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Published on Feb 20, 2009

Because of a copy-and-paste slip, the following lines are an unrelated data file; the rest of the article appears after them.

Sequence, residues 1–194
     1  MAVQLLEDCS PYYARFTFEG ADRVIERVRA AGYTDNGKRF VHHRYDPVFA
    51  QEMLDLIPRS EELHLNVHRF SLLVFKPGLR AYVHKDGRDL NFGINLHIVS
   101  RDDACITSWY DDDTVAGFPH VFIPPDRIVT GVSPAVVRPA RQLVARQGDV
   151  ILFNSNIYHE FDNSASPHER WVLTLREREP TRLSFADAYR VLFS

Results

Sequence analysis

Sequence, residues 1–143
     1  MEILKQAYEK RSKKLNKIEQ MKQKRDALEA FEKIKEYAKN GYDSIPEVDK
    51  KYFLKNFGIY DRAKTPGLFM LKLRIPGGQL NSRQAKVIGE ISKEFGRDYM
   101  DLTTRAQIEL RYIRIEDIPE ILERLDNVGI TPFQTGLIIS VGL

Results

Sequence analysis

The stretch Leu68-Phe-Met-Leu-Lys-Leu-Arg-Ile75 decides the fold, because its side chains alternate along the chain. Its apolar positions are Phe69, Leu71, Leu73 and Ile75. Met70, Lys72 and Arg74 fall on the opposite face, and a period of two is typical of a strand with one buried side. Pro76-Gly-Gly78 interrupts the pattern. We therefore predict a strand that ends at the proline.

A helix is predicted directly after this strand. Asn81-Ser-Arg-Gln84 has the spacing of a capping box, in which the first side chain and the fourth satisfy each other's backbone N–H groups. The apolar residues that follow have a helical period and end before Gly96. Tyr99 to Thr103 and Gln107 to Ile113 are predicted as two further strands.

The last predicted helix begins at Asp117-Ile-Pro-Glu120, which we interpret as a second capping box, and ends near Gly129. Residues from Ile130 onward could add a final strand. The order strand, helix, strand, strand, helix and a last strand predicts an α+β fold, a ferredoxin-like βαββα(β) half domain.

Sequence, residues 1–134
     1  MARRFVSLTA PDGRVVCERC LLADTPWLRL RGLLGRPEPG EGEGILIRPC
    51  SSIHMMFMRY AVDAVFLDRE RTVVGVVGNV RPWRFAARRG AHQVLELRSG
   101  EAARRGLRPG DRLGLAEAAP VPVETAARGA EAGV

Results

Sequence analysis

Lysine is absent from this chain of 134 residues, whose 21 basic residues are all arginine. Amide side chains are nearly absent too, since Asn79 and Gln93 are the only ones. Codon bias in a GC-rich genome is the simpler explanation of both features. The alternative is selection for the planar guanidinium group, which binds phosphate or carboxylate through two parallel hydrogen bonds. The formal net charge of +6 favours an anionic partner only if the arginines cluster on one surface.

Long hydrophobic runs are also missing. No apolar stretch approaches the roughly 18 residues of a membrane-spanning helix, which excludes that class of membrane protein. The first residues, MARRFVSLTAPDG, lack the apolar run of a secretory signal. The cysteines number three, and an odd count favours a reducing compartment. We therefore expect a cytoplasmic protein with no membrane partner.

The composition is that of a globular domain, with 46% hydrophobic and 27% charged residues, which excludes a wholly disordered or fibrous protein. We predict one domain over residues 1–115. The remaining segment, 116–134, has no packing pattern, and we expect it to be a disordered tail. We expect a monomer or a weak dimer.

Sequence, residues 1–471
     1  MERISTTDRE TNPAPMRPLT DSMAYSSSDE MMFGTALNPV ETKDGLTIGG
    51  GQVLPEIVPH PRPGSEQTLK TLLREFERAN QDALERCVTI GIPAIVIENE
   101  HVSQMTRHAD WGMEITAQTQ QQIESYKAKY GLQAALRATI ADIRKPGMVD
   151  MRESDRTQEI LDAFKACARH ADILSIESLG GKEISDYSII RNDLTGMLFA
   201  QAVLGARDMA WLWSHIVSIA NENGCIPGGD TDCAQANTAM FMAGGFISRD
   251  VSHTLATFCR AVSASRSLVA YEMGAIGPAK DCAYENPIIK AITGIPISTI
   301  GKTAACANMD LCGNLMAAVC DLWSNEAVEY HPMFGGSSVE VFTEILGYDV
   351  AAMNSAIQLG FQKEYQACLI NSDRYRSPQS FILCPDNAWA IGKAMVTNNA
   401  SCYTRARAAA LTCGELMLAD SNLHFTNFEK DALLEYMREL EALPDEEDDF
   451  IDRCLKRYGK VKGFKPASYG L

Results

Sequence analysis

The House of Octavius Quartio (or Loreius Tiburtinus) at Pompeii is celebrated for its remarkable garden that takes up almost the whole block in which it sits. The house begins with a conventional atrium but soon leads into a tiny peristyle and adjacent dining room which overlook the garden with its two canals, paintings, pergolae, fountains and tanks. It is usually interpreted as an example of a Pompeian trying to ape the great houses and gardens of the Roman super-rich. This house is prescribed content for the UK-based OCR examination board's A-level paper Cities of Roman Italy (CC6).